As 2018 comes to a close, businesses are naturally reflecting on what worked, what stuck with consumers, and what trends to take seriously. Unsurprisingly, mobile has held the winning share of web usage for long enough now that it's time for another shift in digital strategy.

As Microsoft's Aaron Gustafson said at Build 2018, "mobile ate the desktop back in October 2016."

It's time to go from thinking "mobile first, web second," to a truly unified browsing experience that's consistent on all devices. In 2019, progressive web apps (PWAs) will be one of the best options for doing so.

Service workers making progress

A progressive web app is a browser-based environment that provides an app-like experience. It doesn't need to be installed, but you can save a homescreen shortcut to launch it.

It's actually not any specific type of technology, but a term coined by techies Alex Russell and Frances Berriman in 2015 to describe what they were observing at the time as a trend in web apps. Three years ago, many digital products started using existing technologies to create user experiences that were less dependent on connectivity and had features closer to native mobile apps.

These progressive web apps go beyond simple responsiveness to create better experiences on all devices. While the term and technology has existed for years, true mass adoption of PWAs depended on popular browsers supporting the features that make them possible. The primary bottleneck here has been the compatibility of 'service workers', the scripts that allow browsers to take action in the background.

Rusty Mitchell, VP of design at Mercury Intermedia, is skeptical that PWAs are accessible enough. "Until the platforms are set up in a way that it's a lot easier for people to get these things, and use them in the same way as they would jump into the App Store and hit an install button, and the thing's on their phone," he said, "it's not going to be as compelling or viable, I don't think."

Tech giants on board with progressive web apps

Recent updates from Google, Apple and Microsoft, however, all suggest that PWAs are about to have a moment. A new version of Chrome launched on Microsoft 10 makes PWAs accessible on Microsoft desktops, and Apple Webkit recently rolled out support for service workers.

And at May's Google I/O 'Web: state of the union' session this year, the spotlight was on progressive web apps.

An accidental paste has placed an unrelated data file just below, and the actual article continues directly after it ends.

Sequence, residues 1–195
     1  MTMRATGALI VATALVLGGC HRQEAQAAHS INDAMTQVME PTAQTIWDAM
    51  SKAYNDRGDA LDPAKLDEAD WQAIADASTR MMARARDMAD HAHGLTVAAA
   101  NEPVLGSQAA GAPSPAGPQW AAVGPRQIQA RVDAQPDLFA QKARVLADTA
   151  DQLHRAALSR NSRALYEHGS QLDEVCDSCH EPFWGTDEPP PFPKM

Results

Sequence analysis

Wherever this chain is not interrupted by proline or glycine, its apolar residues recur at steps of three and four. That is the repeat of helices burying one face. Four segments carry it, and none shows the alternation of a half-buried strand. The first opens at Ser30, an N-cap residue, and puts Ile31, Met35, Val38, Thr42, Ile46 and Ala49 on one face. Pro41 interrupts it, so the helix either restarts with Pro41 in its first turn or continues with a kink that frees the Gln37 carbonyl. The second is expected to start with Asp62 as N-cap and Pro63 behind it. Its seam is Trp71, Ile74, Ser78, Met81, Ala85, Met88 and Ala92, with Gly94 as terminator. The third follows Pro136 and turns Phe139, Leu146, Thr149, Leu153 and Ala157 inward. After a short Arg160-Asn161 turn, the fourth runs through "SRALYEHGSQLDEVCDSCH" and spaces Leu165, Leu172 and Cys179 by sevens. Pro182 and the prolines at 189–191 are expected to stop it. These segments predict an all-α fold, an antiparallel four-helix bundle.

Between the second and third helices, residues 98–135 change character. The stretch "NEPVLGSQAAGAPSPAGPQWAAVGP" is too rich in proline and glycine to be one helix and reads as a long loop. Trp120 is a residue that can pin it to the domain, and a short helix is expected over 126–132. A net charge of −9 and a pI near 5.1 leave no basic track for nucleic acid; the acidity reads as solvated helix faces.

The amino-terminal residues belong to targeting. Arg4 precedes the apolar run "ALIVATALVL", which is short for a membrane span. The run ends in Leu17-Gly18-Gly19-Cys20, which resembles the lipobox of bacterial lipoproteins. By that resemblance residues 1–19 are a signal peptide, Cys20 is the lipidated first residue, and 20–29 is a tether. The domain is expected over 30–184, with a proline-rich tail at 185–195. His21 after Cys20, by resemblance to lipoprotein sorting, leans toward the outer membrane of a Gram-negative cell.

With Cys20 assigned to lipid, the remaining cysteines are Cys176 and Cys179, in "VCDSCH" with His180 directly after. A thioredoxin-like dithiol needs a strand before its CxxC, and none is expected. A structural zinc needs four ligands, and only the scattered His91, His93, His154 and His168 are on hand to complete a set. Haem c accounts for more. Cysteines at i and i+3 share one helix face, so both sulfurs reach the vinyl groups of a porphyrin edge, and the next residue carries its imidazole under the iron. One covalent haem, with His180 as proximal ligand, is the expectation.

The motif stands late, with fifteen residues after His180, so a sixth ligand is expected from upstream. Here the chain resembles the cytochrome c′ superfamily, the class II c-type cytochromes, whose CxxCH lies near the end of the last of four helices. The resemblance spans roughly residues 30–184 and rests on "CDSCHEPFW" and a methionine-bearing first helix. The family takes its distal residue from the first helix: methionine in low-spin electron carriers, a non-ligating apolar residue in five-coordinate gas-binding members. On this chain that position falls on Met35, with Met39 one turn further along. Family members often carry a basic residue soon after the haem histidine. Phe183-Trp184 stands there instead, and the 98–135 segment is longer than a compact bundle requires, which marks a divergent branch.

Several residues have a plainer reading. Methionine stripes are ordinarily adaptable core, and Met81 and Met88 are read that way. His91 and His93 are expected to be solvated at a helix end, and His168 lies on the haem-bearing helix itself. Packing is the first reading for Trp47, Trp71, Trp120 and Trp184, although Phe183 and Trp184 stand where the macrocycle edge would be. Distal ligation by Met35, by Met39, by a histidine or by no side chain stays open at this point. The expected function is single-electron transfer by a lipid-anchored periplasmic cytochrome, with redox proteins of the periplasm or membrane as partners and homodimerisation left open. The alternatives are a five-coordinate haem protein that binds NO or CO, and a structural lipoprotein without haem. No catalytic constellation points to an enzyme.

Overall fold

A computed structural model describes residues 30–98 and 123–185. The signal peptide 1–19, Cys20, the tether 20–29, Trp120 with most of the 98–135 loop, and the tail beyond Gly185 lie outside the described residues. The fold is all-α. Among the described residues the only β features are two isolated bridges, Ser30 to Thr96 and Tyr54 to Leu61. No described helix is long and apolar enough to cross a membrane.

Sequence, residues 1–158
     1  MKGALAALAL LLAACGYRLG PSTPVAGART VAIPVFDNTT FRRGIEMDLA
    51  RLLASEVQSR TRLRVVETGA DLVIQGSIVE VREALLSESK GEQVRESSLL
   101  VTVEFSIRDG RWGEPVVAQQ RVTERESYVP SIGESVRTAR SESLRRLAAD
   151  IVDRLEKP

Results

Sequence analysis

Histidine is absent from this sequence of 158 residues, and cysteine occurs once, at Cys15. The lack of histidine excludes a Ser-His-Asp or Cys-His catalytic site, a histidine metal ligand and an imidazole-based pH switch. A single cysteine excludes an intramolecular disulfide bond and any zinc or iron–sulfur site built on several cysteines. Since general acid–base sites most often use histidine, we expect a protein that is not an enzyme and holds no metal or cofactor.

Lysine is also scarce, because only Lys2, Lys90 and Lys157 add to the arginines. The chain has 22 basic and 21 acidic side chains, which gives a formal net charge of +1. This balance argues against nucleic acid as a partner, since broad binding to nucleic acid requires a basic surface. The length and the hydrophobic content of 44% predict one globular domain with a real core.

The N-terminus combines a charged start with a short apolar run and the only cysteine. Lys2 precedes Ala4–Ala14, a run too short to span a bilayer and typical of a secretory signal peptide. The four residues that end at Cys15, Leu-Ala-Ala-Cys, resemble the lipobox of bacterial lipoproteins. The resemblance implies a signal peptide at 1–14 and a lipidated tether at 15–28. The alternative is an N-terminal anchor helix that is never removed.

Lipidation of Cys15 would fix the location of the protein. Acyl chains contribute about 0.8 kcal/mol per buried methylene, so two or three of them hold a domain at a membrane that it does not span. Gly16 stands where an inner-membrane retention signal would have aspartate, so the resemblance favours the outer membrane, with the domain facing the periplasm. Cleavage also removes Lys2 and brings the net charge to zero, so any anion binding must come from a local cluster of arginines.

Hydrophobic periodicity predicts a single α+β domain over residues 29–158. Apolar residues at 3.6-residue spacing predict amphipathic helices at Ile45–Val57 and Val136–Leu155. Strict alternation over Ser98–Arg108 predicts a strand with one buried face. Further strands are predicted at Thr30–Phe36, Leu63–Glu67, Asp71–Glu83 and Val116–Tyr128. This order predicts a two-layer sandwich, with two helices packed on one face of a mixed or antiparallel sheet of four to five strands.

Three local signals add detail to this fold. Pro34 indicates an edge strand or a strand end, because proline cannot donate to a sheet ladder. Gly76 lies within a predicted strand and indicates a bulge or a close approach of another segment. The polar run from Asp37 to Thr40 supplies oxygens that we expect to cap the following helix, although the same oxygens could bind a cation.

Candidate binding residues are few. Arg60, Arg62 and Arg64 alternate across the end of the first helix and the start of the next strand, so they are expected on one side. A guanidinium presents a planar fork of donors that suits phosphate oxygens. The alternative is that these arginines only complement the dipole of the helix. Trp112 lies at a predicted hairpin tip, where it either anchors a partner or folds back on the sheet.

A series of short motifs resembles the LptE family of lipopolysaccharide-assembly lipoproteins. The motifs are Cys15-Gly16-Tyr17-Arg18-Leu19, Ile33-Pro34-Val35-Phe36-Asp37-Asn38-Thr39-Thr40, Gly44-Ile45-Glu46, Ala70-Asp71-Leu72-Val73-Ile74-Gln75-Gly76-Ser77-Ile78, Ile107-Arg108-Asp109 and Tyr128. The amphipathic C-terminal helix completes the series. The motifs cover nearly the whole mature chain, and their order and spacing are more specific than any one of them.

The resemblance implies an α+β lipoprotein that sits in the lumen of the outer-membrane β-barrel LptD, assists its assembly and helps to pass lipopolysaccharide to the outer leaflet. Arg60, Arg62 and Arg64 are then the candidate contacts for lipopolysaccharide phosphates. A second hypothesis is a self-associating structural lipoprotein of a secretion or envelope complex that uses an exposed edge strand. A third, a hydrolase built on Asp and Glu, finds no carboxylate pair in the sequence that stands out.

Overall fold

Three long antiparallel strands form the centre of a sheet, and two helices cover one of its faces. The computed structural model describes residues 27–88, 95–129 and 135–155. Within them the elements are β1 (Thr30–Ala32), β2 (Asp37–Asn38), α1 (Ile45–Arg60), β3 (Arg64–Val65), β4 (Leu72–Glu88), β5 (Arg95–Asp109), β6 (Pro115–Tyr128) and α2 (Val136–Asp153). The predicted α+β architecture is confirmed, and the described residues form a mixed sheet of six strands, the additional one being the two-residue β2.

Chrome Product Lead Ben Galbraith noted, "The gradual rollout of service workers illustrates the importance of the progressive bit here." Galbraith continued, "because PWAs that are written progressively to take advantage of browser features as they become available can seamlessly upgrade with no need to redeploy, so PWAs are now everywhere."

The potential downside, however, is the resources required to transition, but more sophisticated platforms are already democratizing service workers.

"It's easy to see how progressive web app functionality, coupled with websites' historic advantages in discoverability and the relatively low cost of development, have ushered in a new era of online presence management," notes Itai Sadan, the CEO of Duda, a web design platform for agencies that now supports one-click deployment of websites as PWAs.

"Small businesses and the web professionals that cater to their needs no longer have to choose between creating an app that provides an amazing experience or a website that drives customer traffic. Going forward, all SMBs will get the best of both worlds in one progressive web app."

PWAs matter more in 2019

After a decade of software managers struggling to find the right balance between native mobile apps and browser-based apps, we're finally getting closer to one unified experience on every platform and device.

Progressive web apps bring many of the best features of separate options together, such as the offline and notification and camera functionalities of native apps and the discoverability and low-friction accessibility of websites.

More importantly, they offer all of this at a potentially lower cost to businesses, as it's now possible to build and manage one viable software delivery channel.

It's up to you to determine how relevant it is for your business, but it's worth keeping an eye on.